Measuring gut color


Hei, I am new to Forums,
I wanted to compare color of these fish intestine by using imageJ.

Analysis goals

By comparing the color would like to understand is there any difference between the guts, or if some of them are redder than the others


I tried selecing the whole gut area and analyzed for RGB. but surprizingly found that these has visually redder guts has lower R value. I have tried also for only selecting a small part of that red area, but still got lower R value compare to those “yellow” part of guts.

which method would you recommend me to compare which gut is redder than the others?


It’s not because a pixel appears redder than another that its red value is higher: the values in the other channels (green and blue) modulate the RGB colour too. Your background, for example, has higher (brighter) values in red than your guts. Your “redder than the others” can also mean “less yellow”, which is a combination of red an green.

If you only want to measure red values, split the channels: Image>Color>Split Channels. This said, the green values appear different between the top 3 and bottom 3 guts -but comparison is difficult as they are only partially in the picture.

Split your image, threshold with the blue channel and use the ROIs to measure red and green channels.



Yep, but in addition to the reasons already listed, be careful with the thickness of the tissue slices, since thicker tissue will occlude more light and be “darker” (lower R G and B values).
If you have an example of the raw red pigment you want to analyze, you might try the color deconvolution module.
For example, I did something like this in QuPath, where I could see two distinct clusters of pixels.


thank you so much for your suggestions. I tried splitting channels and selected two small parts that have distinct color. the result for both red and green show lower value for visually “redder” part. how can I explain this result? im confused…

and what do you mean by threshold with blue channel? how to do that?
thank you!


thank you ! this is a good point.
and really nice illustrative graph here.
I am not familiar with Qupath, but downloaded now.
how did you do this?

thank you.

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I wouldn’t do this for a project full of images, but the shortest version is.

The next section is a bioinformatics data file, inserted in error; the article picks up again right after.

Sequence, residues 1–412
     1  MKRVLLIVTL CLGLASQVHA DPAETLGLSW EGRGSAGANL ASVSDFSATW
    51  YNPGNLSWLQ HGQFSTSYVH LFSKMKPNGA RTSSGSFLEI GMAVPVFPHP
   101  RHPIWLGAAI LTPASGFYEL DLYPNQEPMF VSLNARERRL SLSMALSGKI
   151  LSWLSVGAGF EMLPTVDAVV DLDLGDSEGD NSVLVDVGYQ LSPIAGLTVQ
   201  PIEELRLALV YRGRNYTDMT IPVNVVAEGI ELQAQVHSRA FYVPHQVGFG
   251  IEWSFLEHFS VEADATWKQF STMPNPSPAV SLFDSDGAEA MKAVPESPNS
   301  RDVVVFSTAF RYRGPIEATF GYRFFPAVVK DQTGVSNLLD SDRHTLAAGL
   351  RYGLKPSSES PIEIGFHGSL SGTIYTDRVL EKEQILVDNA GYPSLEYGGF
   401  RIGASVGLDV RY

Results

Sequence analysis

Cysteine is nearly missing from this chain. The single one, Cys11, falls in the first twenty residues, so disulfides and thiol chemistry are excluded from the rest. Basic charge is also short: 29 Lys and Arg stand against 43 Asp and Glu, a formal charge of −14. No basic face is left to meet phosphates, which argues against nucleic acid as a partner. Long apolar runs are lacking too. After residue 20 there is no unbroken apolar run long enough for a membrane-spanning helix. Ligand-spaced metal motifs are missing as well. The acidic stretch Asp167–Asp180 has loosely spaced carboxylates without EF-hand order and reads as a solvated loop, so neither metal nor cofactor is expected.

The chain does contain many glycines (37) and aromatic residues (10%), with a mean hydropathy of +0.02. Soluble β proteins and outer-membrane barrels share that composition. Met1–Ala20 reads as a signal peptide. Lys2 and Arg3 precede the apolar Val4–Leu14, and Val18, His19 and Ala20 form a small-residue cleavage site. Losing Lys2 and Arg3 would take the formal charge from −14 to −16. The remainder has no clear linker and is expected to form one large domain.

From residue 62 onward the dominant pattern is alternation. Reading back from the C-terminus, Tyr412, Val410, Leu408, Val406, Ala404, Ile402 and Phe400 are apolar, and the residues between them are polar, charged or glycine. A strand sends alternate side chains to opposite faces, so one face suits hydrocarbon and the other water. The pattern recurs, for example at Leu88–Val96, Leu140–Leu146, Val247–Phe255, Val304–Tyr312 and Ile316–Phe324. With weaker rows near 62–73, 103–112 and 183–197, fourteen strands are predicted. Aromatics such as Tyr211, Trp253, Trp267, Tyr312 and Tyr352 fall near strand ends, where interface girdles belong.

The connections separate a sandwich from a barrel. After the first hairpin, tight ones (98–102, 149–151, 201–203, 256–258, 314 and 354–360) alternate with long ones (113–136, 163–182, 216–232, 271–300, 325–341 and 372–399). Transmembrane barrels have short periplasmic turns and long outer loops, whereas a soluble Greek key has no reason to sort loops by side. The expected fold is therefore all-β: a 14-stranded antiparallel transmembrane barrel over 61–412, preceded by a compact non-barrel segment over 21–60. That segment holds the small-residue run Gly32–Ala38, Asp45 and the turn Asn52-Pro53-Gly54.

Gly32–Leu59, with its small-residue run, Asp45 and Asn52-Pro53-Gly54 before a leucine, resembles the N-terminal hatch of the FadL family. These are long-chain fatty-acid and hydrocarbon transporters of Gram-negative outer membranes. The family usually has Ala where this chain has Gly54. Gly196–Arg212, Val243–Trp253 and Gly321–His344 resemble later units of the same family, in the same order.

Drag image into an open QuPath window. I chose HDAB for my starting image colors, but you could chose that or H&E (later steps may look different).
Select the square tool and draw a square that includes both background and the two colors you want to separate.

Select the Analyze menu and go to Preprocessing-Estimate stain vectors
Select Yes, as this sets the background to the kind of dirty slide background, otherwise a perfect white background of 255 255 255 is expected, and you do not have that.

Here you can see the two clusters of pixels and the lines, I won’t go into the details, but the idea is to get the two lines in each of the three tiles to match to one set of pixels. Kind of like a mini game.
The REAL way to do this would be to have two examples of the stains independently. Sometimes that is not possible though.
Clicking Auto gives me something like this

Which I manually adjusted to this.

Note that the darker stain line in the left most image lines up with the same darker pixels after adjustment. As you drag any one line around, the lines in the other images also change. It takes some getting used to. You can try just using Auto, that might work.
I click OK and save.
At this point I can press 1, 2 or 3 to changes between the original image and the two colors.
The View menu also has a Channel Viewer to show all of the channels at once.

Dear Kaki,

Lower values on a brighfield image like you have simply mean that the red or green component are darker. The values are scaled from 0 to 255 with 0 being completely black and 255 being completely white. The values in between are increasingly brighter shades (think of it like a staircase from complete darkness to a brightly lit room, each step is slightly lighter).

In your case, the values indicate that your red parts are darker in the red and green component of your image.

“Threshold in blue channel” means that you can use fiji to automatically select your guts as regions of interest:

  • select the blue image
  • go to Image>Adjust>Threshold and select the dark regions. Click Apply.
  • go to Analyze>Analyze particles and select size 1000-infinity, tick Add to Manager, Exclude on edges and Include holes
  • Your regions of interest are now selected in the ROI manager
  • Go to the red image and in the ROI manager, click “measure”
  • Go to the green image and in the ROI manage, click “measure”

To understand what you are doing, I suggest that you find an image analysis course. Robert Haase (@haesleinhuepf) has run a series of short youtube tutorials that are very well made. You can find them here


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